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Whereas calculating latitude, and the various ways to find that coordinate, had long been known to navigators, finding one’s longitude remained a mystery until the late-eighteenth century. European states offered rewards for adequate solutions to the longitude problem, as it affected their overseas empires and commerce. Interestingly, the problem was solved almost simultaneously by two methods, one mathematical and one mechanical.

Previously, navigators were dependent on dead reckoning. They would calculate their direction and speed and then record their estimated distance traveled on a chart or in a log. However, this method could easily go wrong, leaving ships many degrees of longitude away from where they wanted to be (or thought they were).

Longitude could be calculated on land, as time could be accurately measured there from a variety of stable observations and timekeepers. This stability was lost at sea. However, the link between local time and longitude was well established, if only local time could be told on the pitching deck of a ship. To achieve this, some sought a sea-going clock as the answer to the longitude problem. Others sought to measure the position of the Moon, which acts like a celestial clock when its movement is compared with respect to the stars or Sun.

The latter method was first performed at sea by Jean-Baptiste d’Apres de Mannevillette in 1749. Mannevillette, a French naval officer, and his astronomer collaborator, Nicolas-Louis de Lacaille, published their method and lunar tables, but only for July of 1761. The publication, and the method, was taken up by Nevil Maskelyne, who was observing the Transit of Venus of 1761 in St. Helena for the Royal Society of London. Maskelyne, from 1765 the Astronomer Royal, and his assistant, Robert Waddington, realized that they needed to present this system in an accessible way. They wrote manuals and calculated lunar tables that could be easily consulted. The latter appeared in the Nautical Almanac, which has been published annually since it first appeared in 1766.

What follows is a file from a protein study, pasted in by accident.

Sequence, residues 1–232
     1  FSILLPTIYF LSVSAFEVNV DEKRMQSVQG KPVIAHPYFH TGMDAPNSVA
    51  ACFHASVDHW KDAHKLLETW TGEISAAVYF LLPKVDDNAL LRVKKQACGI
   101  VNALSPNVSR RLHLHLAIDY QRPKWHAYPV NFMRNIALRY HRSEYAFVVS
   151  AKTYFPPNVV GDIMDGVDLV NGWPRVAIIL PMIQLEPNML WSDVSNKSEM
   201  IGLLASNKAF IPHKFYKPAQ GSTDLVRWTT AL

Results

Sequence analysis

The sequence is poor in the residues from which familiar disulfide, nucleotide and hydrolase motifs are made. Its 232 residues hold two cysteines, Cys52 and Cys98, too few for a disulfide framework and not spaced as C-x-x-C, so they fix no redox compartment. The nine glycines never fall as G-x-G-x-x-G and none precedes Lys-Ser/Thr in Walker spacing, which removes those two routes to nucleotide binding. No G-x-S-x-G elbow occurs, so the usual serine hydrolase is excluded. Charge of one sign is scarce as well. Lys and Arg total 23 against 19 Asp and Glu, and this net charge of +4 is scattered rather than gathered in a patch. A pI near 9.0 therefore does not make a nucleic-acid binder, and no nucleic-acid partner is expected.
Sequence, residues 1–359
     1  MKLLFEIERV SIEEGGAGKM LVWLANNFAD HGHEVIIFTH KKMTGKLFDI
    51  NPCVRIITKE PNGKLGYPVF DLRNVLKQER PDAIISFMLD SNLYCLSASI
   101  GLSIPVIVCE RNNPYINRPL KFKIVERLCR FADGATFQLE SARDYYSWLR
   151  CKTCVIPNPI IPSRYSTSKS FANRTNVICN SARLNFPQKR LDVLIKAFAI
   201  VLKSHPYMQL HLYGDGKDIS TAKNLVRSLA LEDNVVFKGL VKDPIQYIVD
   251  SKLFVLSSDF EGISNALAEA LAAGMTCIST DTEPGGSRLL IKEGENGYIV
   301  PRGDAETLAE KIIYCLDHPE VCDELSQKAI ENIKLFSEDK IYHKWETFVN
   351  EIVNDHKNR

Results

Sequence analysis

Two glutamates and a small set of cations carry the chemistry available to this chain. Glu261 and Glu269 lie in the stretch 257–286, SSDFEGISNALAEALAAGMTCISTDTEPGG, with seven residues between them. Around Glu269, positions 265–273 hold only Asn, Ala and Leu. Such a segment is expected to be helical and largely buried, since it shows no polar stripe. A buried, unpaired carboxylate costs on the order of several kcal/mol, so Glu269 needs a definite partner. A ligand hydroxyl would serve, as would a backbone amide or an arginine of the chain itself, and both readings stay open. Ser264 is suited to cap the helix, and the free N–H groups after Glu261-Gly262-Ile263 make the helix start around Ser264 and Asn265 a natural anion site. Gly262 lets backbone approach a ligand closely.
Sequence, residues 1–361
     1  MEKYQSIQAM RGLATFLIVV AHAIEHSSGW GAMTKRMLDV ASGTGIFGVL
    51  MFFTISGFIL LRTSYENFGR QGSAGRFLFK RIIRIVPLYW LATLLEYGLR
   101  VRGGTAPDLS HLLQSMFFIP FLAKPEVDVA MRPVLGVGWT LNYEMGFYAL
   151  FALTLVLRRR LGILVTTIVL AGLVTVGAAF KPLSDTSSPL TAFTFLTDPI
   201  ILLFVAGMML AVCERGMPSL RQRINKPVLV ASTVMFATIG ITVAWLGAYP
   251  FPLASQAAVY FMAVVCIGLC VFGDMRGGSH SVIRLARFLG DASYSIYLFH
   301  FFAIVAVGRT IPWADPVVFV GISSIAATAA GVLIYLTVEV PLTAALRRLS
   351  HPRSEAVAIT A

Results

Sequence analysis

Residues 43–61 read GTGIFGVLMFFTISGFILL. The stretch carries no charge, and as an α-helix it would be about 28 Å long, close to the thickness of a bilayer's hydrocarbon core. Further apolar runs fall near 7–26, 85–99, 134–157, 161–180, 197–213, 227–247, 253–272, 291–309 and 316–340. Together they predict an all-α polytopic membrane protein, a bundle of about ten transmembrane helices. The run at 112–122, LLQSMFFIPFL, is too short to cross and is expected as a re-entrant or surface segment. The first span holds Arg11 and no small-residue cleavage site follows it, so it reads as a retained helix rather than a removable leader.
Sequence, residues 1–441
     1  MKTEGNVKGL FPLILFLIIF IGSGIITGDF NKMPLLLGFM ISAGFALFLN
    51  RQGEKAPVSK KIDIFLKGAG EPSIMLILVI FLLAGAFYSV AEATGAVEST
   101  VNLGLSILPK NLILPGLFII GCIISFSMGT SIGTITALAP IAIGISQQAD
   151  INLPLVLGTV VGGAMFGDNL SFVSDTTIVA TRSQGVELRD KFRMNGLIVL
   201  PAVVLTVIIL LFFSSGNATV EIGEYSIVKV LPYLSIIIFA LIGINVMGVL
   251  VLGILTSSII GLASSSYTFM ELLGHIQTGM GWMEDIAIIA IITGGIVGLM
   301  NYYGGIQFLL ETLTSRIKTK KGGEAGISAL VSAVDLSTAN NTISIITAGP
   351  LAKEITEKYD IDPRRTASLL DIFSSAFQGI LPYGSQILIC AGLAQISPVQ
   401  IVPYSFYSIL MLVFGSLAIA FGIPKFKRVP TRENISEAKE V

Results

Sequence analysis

The other answer to the longitude problem was the maritime chronometer. The goal was to crate a reliable timekeeper that would keep time at sea; therefore, a navigator could compare their time measurements with those of their port of departure. Comparing the two would yield the distance of travel east or west. Many instruments makers attempted to make such a timekeeper, although the most famous is John Harrison, who eventually was awarded prizes by the Board of Longitude for his work. However, Harrison’s models never went into general production and the technology was perfected by other technicians in the final decades of the eighteenth century.  

Both methods took several decades to come into common usage by mariners, however. This reflects a general trend in the history of navigation, a lag between innovation and integration of a new method or instrument. It also sheds light on the more specific history of the teaching of navigation. As explained by Margaret Schotte, from the late-fifteenth to the mid-eighteenth centuries, mariners (at least those training to be masters or navigators) underwent increasing amounts of classroom or book training to learn the more and more mathematical particulars of navigation. This sort of training did not displace practical experience at sea, but it was part of a more nuanced apprenticeship for masters that encompassed the page as well as the sextant.

Indeed, Jim Bennett calls the turn of the eighteenth century and the beginning of the nineteenth century the zenith of the mathematical seamen. However, as Schotte explained, the assumed mathematical prowess for general mariners had already started to wane by the late-eighteenth century. Mariners still trained from books, but they increasingly focused on tables and shortcuts rather than complex mathematical theory. The lunar distance tables of Maskelyne are one such aid for sailors that would save computation. From the end of the nineteenth century, instrumentation and then electronics became prevalent in navigation, largely removing the navigator from computation.


London / 1801
25 x 21 inches